Shortly after I wrote, things went from bad to worse, and I was let go at the end of September. However, my story has a happy ending. Via LinkedIn, a former co-worker saw my situation and put me in touch with his current employer. I was brought on board as a contractor in October, and went direct last week. I love my new job and the company and I am working for. They are very professional and the culture is fantastic – they truly value their employees. For example, my first week, I made a pretty serious mistake. I realized it immediately, and fixed it, but in other companies it could have gotten me fired. Instead, management looked at the whole situation (they liked that I had documented everything in real time, which made it possible for me to roll back my mistake easily) and realized the fault was really their own….I was too new to have been working on the problem. So instead of yelling at me, they reviewed THEIR procedures, and I came out looking good.

This person had an employee who was unable to work. These can be complex cases, and it got more complex, but it seems to be better:

Well, what happened… the employee hooked up with a lawyer who hasn’t really done him any favors. He actually filed a separate claim stating he hadn’t been given breaks. (Not true and we had an abundance of proof)). We went before the labor board with him, and our company prevailed. In the meantime he is still on disability, and the claim has not been settled. We are letting the insurance carrier handle it, and they say it will be unlikely that he would ever be able to work without some sort of restrictions. We have found out since that this is the second such claim he had filed (the other claim with a previous employer). After the Labor Board meeting, he was very upset at not having won his case, and verbally threatened us. Not too pleasant. We have no idea when he will be released for work, but the fact remains that he is not qualified for any type of office work since he cannot fluently read or write English or use a computer. His restrictions in the past included standing and sitting over certain lengths of time, no lifting, etc, which makes him unsuitable for warehouse work. If he comes back, I still have no position for him based on those restrictions. But based on what we know now, I don’t think that we will see him again – I think he is just looking for a large settlement at this point

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Bad Grades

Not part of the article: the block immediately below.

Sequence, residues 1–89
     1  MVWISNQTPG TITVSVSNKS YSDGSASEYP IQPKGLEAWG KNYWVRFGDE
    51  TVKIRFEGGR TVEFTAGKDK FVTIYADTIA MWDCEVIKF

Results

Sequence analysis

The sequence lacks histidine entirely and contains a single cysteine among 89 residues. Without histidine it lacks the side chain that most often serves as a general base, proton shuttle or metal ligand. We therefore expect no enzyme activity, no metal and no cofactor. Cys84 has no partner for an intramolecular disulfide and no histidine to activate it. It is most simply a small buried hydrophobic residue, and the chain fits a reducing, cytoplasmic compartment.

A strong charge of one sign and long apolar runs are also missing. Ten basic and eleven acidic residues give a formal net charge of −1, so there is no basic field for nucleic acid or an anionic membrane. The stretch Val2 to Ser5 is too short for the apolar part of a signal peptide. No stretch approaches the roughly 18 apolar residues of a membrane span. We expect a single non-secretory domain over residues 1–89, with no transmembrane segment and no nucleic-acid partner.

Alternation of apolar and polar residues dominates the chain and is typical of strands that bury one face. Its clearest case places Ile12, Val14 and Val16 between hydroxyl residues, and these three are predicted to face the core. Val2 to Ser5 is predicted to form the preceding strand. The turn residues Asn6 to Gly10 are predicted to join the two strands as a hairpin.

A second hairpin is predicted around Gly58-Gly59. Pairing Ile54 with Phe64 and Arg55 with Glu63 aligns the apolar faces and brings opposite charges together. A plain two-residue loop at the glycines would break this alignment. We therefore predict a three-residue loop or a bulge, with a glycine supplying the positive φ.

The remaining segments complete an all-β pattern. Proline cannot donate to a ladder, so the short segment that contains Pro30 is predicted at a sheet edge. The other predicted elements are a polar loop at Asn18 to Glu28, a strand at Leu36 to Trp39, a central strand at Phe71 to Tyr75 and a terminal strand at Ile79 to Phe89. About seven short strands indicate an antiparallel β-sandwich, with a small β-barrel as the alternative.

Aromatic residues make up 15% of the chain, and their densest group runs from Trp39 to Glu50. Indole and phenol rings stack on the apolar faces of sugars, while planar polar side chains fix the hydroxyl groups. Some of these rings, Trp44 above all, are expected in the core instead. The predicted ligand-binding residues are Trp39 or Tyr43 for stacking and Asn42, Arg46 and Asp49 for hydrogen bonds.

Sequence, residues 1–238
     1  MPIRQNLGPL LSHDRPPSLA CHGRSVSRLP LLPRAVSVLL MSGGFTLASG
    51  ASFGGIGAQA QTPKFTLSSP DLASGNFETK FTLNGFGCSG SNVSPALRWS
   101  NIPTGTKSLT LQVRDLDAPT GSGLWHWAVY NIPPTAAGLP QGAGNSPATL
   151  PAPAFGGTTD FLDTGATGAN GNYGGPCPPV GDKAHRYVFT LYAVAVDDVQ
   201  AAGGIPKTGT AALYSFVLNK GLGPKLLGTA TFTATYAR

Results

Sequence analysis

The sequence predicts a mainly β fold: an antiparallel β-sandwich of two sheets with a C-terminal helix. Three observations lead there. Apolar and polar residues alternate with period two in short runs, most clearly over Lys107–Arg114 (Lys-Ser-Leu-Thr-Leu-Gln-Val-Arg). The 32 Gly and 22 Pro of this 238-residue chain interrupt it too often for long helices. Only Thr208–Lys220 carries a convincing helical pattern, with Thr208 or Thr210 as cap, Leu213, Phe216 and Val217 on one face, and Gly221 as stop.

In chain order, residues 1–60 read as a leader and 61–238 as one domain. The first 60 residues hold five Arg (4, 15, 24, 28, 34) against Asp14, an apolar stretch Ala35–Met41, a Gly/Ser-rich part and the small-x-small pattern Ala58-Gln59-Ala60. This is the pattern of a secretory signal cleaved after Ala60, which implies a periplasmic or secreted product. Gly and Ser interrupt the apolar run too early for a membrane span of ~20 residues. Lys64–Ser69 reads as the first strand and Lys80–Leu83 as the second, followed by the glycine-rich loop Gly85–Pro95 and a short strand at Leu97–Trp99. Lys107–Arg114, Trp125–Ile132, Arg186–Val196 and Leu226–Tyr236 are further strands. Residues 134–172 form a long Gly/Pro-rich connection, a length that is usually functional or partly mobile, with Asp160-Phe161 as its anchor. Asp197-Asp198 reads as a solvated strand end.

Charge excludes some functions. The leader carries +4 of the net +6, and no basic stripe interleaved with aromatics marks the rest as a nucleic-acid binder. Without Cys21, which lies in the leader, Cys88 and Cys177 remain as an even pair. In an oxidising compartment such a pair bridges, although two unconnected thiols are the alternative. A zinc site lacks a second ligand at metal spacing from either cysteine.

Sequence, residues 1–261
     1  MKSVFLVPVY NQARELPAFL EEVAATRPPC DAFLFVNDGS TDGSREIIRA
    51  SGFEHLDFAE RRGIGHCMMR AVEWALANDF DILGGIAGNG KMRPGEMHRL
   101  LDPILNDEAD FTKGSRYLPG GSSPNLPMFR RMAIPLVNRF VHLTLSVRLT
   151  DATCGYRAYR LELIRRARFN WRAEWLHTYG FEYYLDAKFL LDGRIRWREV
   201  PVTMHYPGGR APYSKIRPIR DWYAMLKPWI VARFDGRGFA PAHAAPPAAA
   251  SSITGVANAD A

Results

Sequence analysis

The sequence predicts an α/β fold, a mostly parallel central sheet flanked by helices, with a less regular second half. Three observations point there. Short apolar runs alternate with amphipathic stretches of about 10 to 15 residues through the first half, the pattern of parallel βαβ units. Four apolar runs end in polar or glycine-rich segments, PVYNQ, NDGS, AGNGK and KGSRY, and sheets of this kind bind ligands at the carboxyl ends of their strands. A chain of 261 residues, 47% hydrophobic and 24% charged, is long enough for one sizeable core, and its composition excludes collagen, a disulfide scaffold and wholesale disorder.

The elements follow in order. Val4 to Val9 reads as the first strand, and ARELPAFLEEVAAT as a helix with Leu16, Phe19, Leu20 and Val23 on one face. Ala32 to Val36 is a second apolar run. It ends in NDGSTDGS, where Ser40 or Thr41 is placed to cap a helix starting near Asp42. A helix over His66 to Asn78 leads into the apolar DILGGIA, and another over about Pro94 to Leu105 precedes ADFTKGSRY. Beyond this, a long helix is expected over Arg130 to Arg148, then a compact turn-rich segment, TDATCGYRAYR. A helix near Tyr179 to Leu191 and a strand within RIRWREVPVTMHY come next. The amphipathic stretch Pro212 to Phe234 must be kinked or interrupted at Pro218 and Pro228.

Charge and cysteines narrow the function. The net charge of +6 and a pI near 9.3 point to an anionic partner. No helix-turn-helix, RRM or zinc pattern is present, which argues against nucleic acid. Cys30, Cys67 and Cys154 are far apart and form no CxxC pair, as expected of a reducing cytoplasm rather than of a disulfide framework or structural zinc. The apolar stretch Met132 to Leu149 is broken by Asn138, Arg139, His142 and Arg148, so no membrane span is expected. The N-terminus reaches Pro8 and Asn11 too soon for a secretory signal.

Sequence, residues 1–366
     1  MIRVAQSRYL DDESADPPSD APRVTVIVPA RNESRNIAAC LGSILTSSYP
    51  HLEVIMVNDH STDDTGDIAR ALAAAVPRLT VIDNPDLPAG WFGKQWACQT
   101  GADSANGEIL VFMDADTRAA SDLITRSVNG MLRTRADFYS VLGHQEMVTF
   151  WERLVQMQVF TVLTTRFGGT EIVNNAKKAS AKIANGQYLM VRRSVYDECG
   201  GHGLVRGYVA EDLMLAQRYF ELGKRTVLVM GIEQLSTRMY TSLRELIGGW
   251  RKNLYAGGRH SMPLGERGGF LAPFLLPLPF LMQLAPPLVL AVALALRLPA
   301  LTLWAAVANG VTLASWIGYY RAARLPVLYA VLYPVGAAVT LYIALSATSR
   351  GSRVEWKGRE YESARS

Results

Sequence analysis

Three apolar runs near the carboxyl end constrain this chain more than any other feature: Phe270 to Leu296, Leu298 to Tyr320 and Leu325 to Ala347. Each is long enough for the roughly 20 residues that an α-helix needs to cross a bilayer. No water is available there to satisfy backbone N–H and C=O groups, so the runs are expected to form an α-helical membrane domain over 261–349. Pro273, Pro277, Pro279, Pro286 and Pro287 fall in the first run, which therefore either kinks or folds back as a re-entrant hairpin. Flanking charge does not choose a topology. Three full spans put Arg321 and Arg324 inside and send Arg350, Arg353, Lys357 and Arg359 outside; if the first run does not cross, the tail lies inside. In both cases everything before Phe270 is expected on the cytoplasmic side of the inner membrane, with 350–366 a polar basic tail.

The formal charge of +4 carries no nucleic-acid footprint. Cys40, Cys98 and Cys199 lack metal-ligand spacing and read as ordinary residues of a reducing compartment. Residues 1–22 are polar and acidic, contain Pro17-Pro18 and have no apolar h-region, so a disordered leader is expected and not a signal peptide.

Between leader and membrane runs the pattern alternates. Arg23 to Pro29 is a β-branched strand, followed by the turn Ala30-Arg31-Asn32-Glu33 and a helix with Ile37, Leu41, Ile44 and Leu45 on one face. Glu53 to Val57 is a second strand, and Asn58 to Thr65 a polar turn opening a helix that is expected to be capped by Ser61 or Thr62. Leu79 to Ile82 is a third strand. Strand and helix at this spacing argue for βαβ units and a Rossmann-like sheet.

by Evil HR Lady on February 7, 2010

i found ur id on;line and found that u ans evil hr question. i am struck with a question in interview of “why my grades are so low”. and also cant find an ans where a positive mindset is going to be created in mind of the interviewer. i am a law graduate.

You know why you can’t come up with a positive answer? Because your grades are low because you don’t care one whit about them. Or at least you didn’t until now when you are in need of actual employment.

How do I know this? Because you did a Google search, found my blog and thought I could solve all your problems (and I could, if I wanted to!), and you didn’t even bother to capitalize the first letter of every sentence. Oy.

Your lack of caring is coming through loud and clear in your resume, your GPA, and your interviews. I guarantee it.

It’s not about coming up with some magic answer. It’s about who you are. Some people have low grades but will make fabulous employees. They have drive and determination and had some hardship that they needed to overcome, or had to work two jobs to get through school or something. You can’t even be bothered to use proper punctuation when you are asking someone you don’t know to do a favor for you for free.

You need to start caring. You need to vow to never (and I mean NEVER) write another e-mail like this to anyone. I don’t care if your friends all do it. You are now a grown up and grown ups don’t communicate like this. (I know, I’ll get comments about how someone is a super VP making $300,000 a year and writes like this, well bully to them, but it’s not the norm and don’t think for a minute that you can get away with this.)

If you write like this in your personal communications it will spill over into your job hunt. The attitude shows.

You need to be able to answer this question by stating the truth about why you got bad grades and what you are doing now to overcome that particular flaw. There’s a standard question about your weaknesses–well this is yours. Overcome it.

Honest. It’s a tough market out there and jobs are not readily available. If you want any chance at all, you have to prove yourself. Your transcript won’t do it for you. Now, go out and change your attitude, and learn to use the shift key.